Neil Alper (1949-)
William T. Dickens, Andrew Sum
Date of Award
Doctor of Philosophy
Department or Academic Unit
Graduate School of Arts and Science. Department of Economics.
Artists, Discrimination, Earnings, Injuries, Segregation, Unions
Manpower policy, Industrial accidents - Economic aspects
Trade unions and gender discrimination are generally considered as sources of labor market imperfections. My dissertation is a study of the effects of these distortions on three specific outcomes: occupational injuries, earnings of injured workers, and gender pay differentials in the arts occupations. The first chapter of my dissertation investigates the relationship between union coverage and work-related injuries. Trade unions play a central role in establishing a safe work place at the firm level. Union representatives ensure the implementation of safety standards set by the Occupational and Safety Health Administration (OSHA) and provide employees in bargaining units with education on job-specific risks. As a consequence, the injury rates of workers covered by union contracts may be expected to be lower than those of uncovered workers, given similar demographic and occupational characteristics. However, the work environment is not the sole determinant of injury rates. One additional factor is the worker's effort to avoid and minimize work-related hazards. When the personal accident-prevention activities cannot be monitored, the employee needs to face a correct system of incentives. If union representation fails to provide these incentives, covered workers may experience higher injury rates than uncovered employees. In analyzing this relationship, previous studies have failed to include controls for one or both of the following factors: 1) individual unobservable characteristics, and 2) firm-specific hazards. Using data from the NLSY79, the goal of the first chapter is to address these major limitations and provide an estimate of the effect of union coverage on the probability of nonfatal work-related injuries. The results of this chapter indicate that covered workers are about 50 percent more likely to suffer an occupational injury than similar uncovered workers. The direction of this estimate is then interpreted within a moral hazard framework, where union and nonunion workers face different incentives when they choose their level of accident-prevention activities. The second chapter examines the economic consequences of a work-related injury. Injured workers may experience reductions in earnings for multiple reasons. First, injured workers may experience temporary or permanent decreases in work hours. Second, the wage of the worker may decrease because of lower post-injury productivity caused by any loss in general, specific or health human capital. This outcome is more likely to occur when the injured worker is forced to change firms, occupation or industry. In this setting, union coverage at the time of the injury may play an important role in reducing the size of the earnings losses. Unions provide protection against dismissal without just cause and may favor the assignment of an injured worker to a different job or work schedule within the same firm, therefore decreasing the probability of quitting. Using data from the NLSY79, this chapter applies a generalization of the difference-in-differences approach to investigate the effect of union coverage on post-injury earnings. The findings indicate that union coverage is able to preserve workers' earnings in the year of the injury. However, the measures implemented to guarantee this benefit appear to translate into greater earnings' losses for those workers in the future. The third chapter investigates whether gender discrimination affects the earnings in the arts occupations. Female artists generally earn less than male artists who work in the same occupation. This gender earnings gap can be due to a combination of differences in individual characteristics (explained portion) and differences in the returns to endowments (unexplained portion). The latter have been often interpreted as an estimate of discrimination, although they could be the result of gender differences in unobservable skills. Using the Five Percent PUMS from the 2000 U.S. Census, a modified Blinder-Oaxaca decomposition technique (Yun, 2005) is applied to the gender wage gap for eleven arts occupations. The results of this chapter show that a significant unexplained pay gap, which could be attributed to discrimination, exists for female artists employed in full-time jobs. The explained portion of the gap indicates that women are often segregated into low-paying industries. A second type of decomposition (Fairlie, 2003) is then used to investigate the reasons of gender segregation across industries. These additional findings suggest that discriminatory hiring practices are likely to exist for some arts occupations.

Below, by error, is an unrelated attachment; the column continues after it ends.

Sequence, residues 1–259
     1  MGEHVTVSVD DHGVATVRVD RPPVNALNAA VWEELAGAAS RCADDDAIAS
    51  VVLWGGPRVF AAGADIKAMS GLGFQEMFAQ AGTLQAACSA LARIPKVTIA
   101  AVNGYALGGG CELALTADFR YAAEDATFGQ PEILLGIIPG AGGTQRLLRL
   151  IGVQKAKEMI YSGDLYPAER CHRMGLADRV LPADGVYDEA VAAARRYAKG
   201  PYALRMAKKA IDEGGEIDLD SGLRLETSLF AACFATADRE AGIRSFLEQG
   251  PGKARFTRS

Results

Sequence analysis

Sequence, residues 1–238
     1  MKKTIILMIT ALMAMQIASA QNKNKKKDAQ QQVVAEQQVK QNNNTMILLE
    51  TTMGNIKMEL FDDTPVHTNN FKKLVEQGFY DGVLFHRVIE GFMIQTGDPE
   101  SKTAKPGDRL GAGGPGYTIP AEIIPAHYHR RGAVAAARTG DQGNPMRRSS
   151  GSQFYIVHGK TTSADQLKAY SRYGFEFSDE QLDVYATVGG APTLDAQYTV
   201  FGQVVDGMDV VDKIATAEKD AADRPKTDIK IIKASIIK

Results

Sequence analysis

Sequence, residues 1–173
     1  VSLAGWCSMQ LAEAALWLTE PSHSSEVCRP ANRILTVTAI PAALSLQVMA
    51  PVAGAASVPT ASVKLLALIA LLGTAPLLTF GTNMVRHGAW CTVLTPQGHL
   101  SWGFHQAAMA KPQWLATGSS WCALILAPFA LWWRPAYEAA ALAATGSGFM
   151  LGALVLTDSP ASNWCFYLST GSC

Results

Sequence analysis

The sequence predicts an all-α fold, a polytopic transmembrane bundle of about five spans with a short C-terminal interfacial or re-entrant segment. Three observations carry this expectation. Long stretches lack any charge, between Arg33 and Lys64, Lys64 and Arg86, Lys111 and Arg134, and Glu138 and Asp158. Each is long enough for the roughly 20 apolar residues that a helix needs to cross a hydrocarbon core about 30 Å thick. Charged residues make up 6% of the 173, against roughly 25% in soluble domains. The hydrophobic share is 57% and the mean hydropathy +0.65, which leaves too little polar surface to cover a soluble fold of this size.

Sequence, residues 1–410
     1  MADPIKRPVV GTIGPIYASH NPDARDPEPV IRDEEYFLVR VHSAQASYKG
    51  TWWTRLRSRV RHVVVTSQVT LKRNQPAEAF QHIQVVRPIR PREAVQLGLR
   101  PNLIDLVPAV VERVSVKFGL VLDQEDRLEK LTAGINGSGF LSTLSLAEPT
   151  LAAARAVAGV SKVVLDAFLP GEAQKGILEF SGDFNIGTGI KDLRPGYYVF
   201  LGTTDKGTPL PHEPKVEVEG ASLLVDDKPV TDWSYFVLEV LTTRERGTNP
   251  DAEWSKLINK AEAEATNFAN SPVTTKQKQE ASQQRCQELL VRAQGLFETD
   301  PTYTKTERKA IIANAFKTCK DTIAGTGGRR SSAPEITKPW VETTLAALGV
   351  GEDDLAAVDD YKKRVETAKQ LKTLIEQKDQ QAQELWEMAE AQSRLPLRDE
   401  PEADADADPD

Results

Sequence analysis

Germiniasi, Andrea, "Labor market imperfections: effects on occupational injuries and earnings" (2010). Economics Dissertations. Paper 4. http://hdl.handle.net/2047/d20000647
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